Gulab realized how perfunctory all of this was, and her heart and stomach finally settled.

No one was trying to kick her out of the army. In fact they seemed to be making every effort to keep her, and everyone in the regiment, in the army. That was reassuring. She had nowhere else to go — though she could have settled down anywhere, that meant she would not have been able to fight alongside her comrades. Alongside Charvi; she was glad to stay.

Smiling, she started scribbling down whatever came to mind for the rest of the papers.

Rangda City — 1st Motor Rifles Regimental Headquarters

“Say, Minardo, do you like films?”

“I love films! I try to catch all the new releases.”

“Ah! That’s great! What are your favorites?”

“Horror movies! I love the thrills. There’s been this series of movies about a man attacked by clockwork animals at a toy factory, One Week At Teddy’s? It was quite scary!”

“Oh, I’ve never seen those! We’ll have to go see them sometime!”

Madiha stared out the door inanimately while the room grew noisy.

Though they still only had the one radio available, there was a lot of activity in the new Regimental Headquarters nonetheless. Sitting behind her desk, Madiha watched silently as four people twittered about the building all morning. They walked from the desks and tables, between the radio, out the door and back, coming and going, while she remained mostly inanimate, not quite knowing what to make of all the new activity around her.

Minardo and Parinita remained tethered to the building, but they were no longer alone.

Joining them were new staffers. First was Bhishma, the bespectacled young man who had served under Parinita in Bada Aso. He had very dark skin and a youthful, boyish appearance, and there was a great precision (and a noticeable stiffness) to his movements. His black curly hair was well combed and well cleaned and gelled, and his uniform was clean and pressed. He had an all-around orderly and neat appearance.

He barely spoke a word to the Colonel.

He visibly withered whenever she laid eyes on him.

His nervousness, in turn, made her nervous too, but she hid it better.

Since he arrived, Bhishma spent the morning running in and out of the building constantly running errands for Parinita. All she had to do was to put down the handset she had kludged to their old radio, raise her head over the table, and shout for him.

“Bhishma! Go yell at the guards, they’re holding up a truck with construction supplies Kimani needs! Tell them to let those things through, and ride out to the field with them.”

“Yes ma’am!”

And without a moment’s hesitation he would bolt out the door again.

Madiha felt it should have been her who would go and take care of any yelling, but Parinita urged her to sit behind her desk and look official. “You have to delegate more!” She said, wagging a scolding index finger at her. So Madiha sat behind her desk. She steepled her fingers a few times while staring over them at the door, as she had seen Daksha do behind a desk once or twice. But this gesture only seemed to frighten Bhishma when he returned.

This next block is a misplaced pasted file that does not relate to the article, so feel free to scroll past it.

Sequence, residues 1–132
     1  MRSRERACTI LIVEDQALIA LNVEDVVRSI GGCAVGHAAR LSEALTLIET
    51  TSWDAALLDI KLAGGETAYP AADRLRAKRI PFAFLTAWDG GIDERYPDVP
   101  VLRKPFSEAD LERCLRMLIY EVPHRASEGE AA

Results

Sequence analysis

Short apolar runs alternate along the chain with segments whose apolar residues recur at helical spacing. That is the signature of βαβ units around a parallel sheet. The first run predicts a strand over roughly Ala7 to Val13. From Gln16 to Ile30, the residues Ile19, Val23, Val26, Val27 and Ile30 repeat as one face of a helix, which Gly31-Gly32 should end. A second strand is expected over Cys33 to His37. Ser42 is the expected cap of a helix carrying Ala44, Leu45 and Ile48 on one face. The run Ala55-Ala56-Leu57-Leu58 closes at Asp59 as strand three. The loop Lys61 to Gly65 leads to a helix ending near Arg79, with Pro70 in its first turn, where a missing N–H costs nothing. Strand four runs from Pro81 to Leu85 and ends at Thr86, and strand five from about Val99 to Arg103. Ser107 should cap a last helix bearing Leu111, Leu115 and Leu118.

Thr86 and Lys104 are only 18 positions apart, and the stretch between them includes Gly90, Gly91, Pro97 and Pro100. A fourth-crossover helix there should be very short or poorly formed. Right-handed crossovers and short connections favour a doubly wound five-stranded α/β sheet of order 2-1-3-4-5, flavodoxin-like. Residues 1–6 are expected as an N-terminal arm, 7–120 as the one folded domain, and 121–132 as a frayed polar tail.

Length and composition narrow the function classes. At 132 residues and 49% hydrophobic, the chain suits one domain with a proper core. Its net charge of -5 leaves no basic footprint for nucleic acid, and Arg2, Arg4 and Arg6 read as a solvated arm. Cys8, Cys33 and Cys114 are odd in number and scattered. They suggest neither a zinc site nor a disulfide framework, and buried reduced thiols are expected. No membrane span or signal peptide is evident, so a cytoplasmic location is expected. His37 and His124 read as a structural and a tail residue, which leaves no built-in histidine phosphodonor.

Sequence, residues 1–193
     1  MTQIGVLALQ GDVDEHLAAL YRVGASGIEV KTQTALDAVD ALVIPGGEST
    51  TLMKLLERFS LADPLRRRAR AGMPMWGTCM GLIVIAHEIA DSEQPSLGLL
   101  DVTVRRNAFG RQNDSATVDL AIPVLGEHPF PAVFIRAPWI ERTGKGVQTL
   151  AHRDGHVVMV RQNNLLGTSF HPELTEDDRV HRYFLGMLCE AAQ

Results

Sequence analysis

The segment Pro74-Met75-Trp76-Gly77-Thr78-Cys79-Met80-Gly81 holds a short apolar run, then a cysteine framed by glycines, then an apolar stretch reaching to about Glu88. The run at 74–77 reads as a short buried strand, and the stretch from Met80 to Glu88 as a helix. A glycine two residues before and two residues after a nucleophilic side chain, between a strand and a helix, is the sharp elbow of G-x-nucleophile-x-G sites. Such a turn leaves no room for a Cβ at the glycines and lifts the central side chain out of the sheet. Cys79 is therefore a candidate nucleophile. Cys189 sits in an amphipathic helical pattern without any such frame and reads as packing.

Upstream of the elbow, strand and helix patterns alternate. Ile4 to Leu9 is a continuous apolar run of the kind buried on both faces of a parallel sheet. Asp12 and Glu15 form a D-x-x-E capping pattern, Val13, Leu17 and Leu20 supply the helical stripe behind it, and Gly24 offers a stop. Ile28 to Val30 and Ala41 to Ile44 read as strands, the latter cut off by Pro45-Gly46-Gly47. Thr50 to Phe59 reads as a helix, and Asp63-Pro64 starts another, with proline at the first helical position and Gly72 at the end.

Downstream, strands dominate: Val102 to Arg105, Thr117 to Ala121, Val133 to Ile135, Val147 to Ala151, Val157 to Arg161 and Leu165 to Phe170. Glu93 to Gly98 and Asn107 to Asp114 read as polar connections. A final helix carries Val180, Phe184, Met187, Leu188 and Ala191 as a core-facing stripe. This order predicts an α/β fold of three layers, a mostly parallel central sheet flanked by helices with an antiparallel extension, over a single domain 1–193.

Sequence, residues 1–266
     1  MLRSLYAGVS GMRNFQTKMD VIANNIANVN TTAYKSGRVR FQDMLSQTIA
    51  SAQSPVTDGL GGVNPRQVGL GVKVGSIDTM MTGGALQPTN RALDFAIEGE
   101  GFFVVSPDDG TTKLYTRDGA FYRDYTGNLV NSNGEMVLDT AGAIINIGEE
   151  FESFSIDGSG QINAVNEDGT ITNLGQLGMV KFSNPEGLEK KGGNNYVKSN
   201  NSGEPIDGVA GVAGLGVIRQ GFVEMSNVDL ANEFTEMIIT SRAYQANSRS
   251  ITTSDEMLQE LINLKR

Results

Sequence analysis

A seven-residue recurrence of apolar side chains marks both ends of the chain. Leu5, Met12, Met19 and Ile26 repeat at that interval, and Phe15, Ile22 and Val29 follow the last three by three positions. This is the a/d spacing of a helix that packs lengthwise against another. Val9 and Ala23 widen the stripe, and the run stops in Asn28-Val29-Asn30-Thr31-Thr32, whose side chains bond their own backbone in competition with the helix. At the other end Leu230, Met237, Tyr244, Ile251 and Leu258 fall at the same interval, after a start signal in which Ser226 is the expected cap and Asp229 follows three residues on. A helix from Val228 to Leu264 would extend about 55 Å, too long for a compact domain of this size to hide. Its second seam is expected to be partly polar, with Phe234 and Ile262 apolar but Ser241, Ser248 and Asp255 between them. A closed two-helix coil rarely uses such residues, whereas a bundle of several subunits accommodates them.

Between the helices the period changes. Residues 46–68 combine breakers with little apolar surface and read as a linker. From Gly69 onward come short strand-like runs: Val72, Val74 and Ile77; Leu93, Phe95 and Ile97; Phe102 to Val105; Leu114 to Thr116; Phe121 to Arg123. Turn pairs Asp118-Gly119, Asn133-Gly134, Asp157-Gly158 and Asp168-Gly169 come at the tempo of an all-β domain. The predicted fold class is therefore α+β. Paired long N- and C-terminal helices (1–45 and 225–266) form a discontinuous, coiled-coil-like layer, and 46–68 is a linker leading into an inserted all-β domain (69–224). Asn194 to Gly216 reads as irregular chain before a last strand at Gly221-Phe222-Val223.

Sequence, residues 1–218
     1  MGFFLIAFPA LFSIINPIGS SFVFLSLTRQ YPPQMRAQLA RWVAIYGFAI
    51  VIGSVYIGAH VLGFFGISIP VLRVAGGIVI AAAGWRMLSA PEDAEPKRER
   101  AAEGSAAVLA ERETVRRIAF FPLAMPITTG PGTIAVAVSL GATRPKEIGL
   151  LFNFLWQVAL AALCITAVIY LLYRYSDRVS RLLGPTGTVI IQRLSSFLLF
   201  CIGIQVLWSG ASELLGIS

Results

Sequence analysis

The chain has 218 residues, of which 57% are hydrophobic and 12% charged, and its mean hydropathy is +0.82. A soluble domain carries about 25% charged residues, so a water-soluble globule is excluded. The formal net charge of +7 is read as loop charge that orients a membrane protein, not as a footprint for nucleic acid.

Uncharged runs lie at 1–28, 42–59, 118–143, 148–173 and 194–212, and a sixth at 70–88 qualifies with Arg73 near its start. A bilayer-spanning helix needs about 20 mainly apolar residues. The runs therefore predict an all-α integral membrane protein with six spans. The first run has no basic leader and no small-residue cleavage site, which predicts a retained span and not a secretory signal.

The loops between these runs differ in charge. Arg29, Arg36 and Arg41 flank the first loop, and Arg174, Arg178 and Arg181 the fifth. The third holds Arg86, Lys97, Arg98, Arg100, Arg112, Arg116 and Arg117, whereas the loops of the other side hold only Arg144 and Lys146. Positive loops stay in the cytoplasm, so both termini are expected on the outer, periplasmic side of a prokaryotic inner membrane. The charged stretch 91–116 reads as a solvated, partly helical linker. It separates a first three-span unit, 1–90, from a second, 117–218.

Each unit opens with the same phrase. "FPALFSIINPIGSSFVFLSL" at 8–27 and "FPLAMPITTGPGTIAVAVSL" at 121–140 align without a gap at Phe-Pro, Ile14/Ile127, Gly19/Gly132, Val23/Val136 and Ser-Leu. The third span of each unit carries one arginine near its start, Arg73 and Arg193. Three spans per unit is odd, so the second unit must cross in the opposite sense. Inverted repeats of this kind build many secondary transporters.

Thanfully Bhishma alone fulfilled the entirety of their skittishness quota.

Minardo’s other recruit was much more energetic.

Filling the headquarters with song was a brand new face. Minardo had chosen a young woman to handle office duties and to answer the phone. That there was no phone line installed yet did not slow Private Padmaja down. She organized everyone’s desks, dusted and swept the floors, redid all of the curtains, and otherwise kept herself busy.

Private Padmaja was constantly moving, so Madiha had to piece a mental image of her little by little, until she arrived at her desk with a smile and passed a feather duster over it. Then Madiha got a good long look. Padmaja’s dark hair was collected into two long tails, and her skin was a dark golden color. Her eyes possessed a visible fold and appeared slightly angled; they shone a stark icy blue. Her full lips parted to hum and sing as she worked; from a few notes, to the full lyrics of a traditional song about a rabbit hopping along a mountain.

Madiha wondered if that mountain was the stretch of the Kucha farther south.

But she had a feeling the Private hailed from farther than that.

“You keep a very neat desk, Commander!” Pvt. Padmaja said. She had a slight accent to her voice, and she closed her eyes and gave a cute smile when she addressed her.

She was so lively that her presence drew Madiha’s own smile out of hiding.

“There was an old saying,” Padmaja said, “that a minister’s desk foretold the character of their tenure in government. Orderly desk; orderly country. Chaotic desk; well, you know.”

“Ah, I don’t know about that. It can also mean you’re spending too much time on your desk.” Madiha replied. She herself had nothing better to do currently than to clean it.

Private Padmaja giggled. “You’re right. There is likely more truth to that.”